How to ensure your integration landscape keeps pace with digital transformation
Over time, integration inevitably increases in complexity. This complexity is a result of the greater diversity of resources that we need to integrate, in ever-increasing permutations of infrastructures and platforms. Furthermore, the people who are involved in integrating systems are no longer centralized in a single technical team, but are spread throughout and beyond the enterprise.
In parallel, and in part as a result of this increase in complexity, a competing drive aims to simplify and rationalize integration. Web APIs have matured to become a common platform and language-agnostic way for applications to communicate. Infrastructure is ever more virtualized and containerized to free run times from hardware and operating system specifics and enable elastic workload orchestration. Teams are learning to more effectively join their development and operations staff together and automate from build to deployment for rapid release cycles.
The challenges are truly hybrid in many different senses of the word. Locations, teams, methods, platforms, and more are continuously diverging. The architecture of the integration across this hybrid environment is evolving at a rapid pace.
This article explores how hybrid integration has evolved. First, we examine how the scope of integration has changed with the move to cloud. Next, we define the high-level characteristics of a hybrid integration capability. Then, we explain how IT is less often a central function within the organization. We continue by looking at the fundamental building blocks of a hybrid integration architecture and how integration can be productized though the API economy. Finally, we highlight how you can recognize and satisfy the needs of the digital team and improve consistency across the hybrid environment.
Today, the ownership boundary of an enterprise spreads well beyond its walls, encompassing IT assets across a truly hybrid environment. In this architecture, existing applications are moved to the infrastructure as a service (IaaS) of cloud providers. New applications are often built on the cloud as a platform as a service (PaaS). In line with this trend, a surge is also taking place in the use of pre-built cloud-based software as a service (SaaS).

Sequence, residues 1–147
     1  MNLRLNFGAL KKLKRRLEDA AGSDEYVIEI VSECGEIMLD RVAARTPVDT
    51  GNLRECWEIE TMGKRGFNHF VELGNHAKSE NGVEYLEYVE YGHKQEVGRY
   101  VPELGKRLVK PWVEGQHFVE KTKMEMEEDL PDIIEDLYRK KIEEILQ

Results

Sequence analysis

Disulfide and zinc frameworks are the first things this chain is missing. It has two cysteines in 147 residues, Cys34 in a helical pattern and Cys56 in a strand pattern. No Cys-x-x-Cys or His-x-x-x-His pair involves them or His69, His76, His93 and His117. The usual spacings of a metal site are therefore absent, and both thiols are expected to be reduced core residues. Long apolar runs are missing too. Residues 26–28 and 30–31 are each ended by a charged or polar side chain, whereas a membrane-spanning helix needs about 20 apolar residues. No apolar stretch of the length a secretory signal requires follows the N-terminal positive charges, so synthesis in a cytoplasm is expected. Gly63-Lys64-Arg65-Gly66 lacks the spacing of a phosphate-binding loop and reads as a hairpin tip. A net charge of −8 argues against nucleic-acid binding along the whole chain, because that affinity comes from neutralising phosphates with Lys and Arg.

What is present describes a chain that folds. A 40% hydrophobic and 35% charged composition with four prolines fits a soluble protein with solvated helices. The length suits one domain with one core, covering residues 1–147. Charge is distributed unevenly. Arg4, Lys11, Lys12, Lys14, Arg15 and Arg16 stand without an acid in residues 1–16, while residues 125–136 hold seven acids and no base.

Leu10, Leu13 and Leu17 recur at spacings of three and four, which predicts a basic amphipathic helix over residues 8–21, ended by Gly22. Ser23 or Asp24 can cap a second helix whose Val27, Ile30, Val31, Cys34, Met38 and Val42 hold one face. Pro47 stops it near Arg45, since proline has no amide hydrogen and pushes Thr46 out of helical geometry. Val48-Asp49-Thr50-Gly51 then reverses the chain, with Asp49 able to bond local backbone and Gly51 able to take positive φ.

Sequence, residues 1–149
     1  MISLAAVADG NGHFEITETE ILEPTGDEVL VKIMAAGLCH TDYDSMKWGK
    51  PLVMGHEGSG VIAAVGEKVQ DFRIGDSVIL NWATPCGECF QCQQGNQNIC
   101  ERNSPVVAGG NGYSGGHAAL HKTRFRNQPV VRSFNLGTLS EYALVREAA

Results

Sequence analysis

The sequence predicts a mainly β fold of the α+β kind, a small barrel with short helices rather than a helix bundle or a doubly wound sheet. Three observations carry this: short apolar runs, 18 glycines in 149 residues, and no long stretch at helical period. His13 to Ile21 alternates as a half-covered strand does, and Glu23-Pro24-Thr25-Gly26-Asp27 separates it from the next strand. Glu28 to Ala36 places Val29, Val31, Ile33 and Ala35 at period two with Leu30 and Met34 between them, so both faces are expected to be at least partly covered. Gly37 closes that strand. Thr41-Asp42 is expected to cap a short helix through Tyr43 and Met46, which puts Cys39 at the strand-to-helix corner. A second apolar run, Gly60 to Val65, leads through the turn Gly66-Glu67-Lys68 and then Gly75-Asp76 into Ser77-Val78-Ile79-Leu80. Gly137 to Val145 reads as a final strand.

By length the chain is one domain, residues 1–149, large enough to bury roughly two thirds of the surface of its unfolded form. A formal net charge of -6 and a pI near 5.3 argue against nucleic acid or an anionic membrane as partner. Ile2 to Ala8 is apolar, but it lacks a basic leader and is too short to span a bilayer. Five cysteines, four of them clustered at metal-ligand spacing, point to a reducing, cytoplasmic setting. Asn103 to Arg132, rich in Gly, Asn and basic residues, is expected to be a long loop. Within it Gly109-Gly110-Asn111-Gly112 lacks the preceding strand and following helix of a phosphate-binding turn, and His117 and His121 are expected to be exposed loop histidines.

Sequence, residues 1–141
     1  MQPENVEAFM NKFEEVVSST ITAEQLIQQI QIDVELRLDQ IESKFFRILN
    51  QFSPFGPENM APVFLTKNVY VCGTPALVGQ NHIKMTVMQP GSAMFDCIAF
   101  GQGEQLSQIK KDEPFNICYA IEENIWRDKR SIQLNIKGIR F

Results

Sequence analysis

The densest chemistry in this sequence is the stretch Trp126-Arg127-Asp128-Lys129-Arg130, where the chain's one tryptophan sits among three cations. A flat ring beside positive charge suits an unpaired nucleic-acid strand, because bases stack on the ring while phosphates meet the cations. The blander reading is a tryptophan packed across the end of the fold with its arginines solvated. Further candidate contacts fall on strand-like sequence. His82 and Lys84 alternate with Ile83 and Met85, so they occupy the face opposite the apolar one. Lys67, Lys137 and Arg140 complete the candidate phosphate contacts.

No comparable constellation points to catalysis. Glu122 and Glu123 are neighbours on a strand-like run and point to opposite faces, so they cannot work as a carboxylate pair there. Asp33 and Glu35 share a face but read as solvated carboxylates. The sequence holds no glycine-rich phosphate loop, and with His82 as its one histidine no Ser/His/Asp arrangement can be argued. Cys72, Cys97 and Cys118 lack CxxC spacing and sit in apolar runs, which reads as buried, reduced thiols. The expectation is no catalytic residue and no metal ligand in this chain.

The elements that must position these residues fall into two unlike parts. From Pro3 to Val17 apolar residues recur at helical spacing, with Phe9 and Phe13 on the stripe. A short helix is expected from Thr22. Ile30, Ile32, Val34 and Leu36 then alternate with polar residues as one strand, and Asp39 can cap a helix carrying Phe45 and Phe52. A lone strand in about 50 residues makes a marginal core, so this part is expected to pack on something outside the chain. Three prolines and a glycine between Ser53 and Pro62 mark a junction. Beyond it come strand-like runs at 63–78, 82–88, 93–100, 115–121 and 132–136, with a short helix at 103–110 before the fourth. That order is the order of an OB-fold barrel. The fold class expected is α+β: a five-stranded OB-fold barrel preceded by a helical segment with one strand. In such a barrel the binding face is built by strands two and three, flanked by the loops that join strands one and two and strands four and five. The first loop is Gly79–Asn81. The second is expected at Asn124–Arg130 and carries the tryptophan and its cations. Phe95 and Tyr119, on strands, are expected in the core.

In addition, interaction with external parties, whether customers or business partners, is increasingly automated. The degree of automation with those external parties is often a business differentiator.
As such, any integration capability must fundamentally address connectivity across cloud boundaries. This capability must also simplify the security and management issues that it brings and embrace the standards that are evolving within hybrid architectures.
Hybrid integration is often simplistically defined as the ability to integrate on-premises systems with cloud systems. The reality for most organizations has much broader dimensions. A true hybrid integration architecture considers integration between all the owned environments, spanning on-premises and cloud environments, and whether that cloud is local, dedicated, or public. It also spans from a self-built environment to platforms to SaaS. It also must factor how the enterprise connects with its partners and customers. Hybrid integration has a vast scope. The key challenge is how to interpret that complexity and find common architectural patterns within it to help simplify the problem.
At a high level, hybrid integration is a broad integration framework. It seamlessly bridges all owned environments, whether direct data sources, applications, or APIs, and can connect to them wherever they might be: on-premises, IaaS, PaaS, or SaaS.
Hybrid integration must contain broad connectivity capabilities for modern cloud-based applications and to equally critical, but older systems of record (SOR).
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